In early 2012, leading minds from Harvard, Stanford and M.I.T. started three companies to provide Massive Open Online Courses, or MOOCs. They were open to anyone in the world with an Internet connection, no cost, millions of students signed up, and pundits called it a revolution. The technology was supposed to transform higher education. What happened? Continue reading… “Reforming higher education: when online degrees are seen as official”
The first Massive Open Online Course (MOOCs), Connectivism and Connective Knowledge (also known as CCK08), led by George Siemens of Athabasca University and Stephen Downes of the National Research Council, was offered in 1998. Twenty-five tutition paying students from the University of Manitoba and over 2,200 tuition free students from the general public, participated. Continue reading… “Can Massive Open Online Courses change the way we teach?”
If the fundamental premise of President Obama’s new initiative to make community college free is to open up career and life opportunities for the nation’s young — especially those from underprivileged backgrounds — then the federal government should also be thinking of ways to cover the tuition costs of individuals attending coding boot camps. Instead of paying for a two-year community college program, the government could instead get more bang for less buck by paying for a 12-week program. That’s something that the nation’s first coding president should understand.
Germany didn’t just abolish tuition for Germans, the ban goes for international students, too.
Lower Saxony has made itself the final state in Germany to do away with any public university tuition whatsoever. As of now, all state-run universities in the Federal Republic—legendary institutions that put the Bildung in Bildungsroman, like the Universität Heidelberg, the Universität München, or the Humboldt-Universität zu Berlin—cost exactly nothing.
Students leave college with an average $29,400 in loans.
The appeal of a $10,000 college degree is impossible to deny. Average tuition for a public university is more than $35,000 for four years. Students leave college with an average $29,400 in loans. Who wouldn’t get behind an effort to offer bachelor’s degrees that won’t shackle young people to debt for decades after they graduate?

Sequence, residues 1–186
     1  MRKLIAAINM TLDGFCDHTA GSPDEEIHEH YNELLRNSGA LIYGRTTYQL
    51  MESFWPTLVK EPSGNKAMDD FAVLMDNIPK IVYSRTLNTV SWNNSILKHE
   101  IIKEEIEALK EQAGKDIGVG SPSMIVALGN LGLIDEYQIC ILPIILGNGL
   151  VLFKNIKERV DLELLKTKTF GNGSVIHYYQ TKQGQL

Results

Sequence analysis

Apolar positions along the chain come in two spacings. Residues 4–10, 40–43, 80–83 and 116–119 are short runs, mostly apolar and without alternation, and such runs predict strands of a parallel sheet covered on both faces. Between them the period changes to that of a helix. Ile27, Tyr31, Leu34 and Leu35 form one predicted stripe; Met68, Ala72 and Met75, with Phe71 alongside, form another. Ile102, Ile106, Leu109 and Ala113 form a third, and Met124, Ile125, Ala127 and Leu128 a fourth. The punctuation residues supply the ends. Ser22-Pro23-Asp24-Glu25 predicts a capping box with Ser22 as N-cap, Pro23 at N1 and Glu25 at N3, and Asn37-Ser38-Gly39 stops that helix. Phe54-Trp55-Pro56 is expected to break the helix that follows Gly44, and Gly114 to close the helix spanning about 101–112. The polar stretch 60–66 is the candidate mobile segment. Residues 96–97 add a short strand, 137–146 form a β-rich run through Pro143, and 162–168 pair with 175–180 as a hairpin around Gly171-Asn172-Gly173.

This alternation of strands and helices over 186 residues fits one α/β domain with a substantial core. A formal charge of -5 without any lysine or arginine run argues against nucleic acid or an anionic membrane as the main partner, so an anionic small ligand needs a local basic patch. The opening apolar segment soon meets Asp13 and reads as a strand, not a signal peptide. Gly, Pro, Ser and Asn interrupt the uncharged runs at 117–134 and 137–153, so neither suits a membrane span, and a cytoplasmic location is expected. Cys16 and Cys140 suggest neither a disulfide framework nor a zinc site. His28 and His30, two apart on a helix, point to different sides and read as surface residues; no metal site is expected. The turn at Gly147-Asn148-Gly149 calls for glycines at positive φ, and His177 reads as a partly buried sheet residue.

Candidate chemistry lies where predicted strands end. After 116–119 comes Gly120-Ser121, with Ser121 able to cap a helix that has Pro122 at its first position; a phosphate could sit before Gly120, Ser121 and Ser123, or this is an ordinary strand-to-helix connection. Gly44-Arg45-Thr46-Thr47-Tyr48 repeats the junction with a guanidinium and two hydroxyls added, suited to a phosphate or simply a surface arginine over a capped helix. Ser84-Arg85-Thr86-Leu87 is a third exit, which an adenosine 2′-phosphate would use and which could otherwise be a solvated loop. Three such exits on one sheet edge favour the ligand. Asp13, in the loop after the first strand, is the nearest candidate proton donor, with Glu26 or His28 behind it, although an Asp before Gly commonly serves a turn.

It’s dismaying how easy it is to screw up college.
I don’t know exactly when, why, or how it happened, but important things are breaking down in the US higher education system. Whether or not this system is in danger of collapsing it feels like it’s losing its way, and failing in its mission of developing the citizens and workers we need in the 21st century.
This mission clearly includes getting students to graduate, yet only a bit more than half of all US students enrolled in four-year colleges and universities complete their degrees within six years, and only 29% who start two year degrees finish them within three years. America is last in graduation rate among 18 countries assessed in 2010 by the OECD. Things used to be better; in the late 1960s, nearly half of all college students got done in four years.
Technology trends will transform higher education.
Higher education is facing an onslaught of disruptive forces right now. Technologies such as MOOCs and mobile devices are disrupting institutional structures from the classroom and across entire campuses. As tech transforms these learning environments, universities must decide whether to resist the change or get out in front of it. To choose the latter option, however, we need to envision what universities of the future will look like—if they exist at all.
Coursera adds 29 universities and institutes to their online venture.
Providers of free online higher education are expanding the ranks of universities that contribute courses to their Web sites. They are also adding many schools from outside the United States.
Adding to a drumbeat of concern about the nation’s dismal college-completion rates, the College Board warned Thursday that the growing gap between the United States and other countries threatens to undermine American economic competitiveness.
Seth Godin: For 400 years, higher education in the United States has been on a roll. From Harvard asking Galileo to be a guest professor in the 1600s to millions tuning in to watch a team of unpaid athletes play another team of unpaid athletes in some college sporting event, the amounts of time and money and prestige in the college world have been climbing.
I’m afraid that’s about to crash and burn. Here’s how I’m looking at it.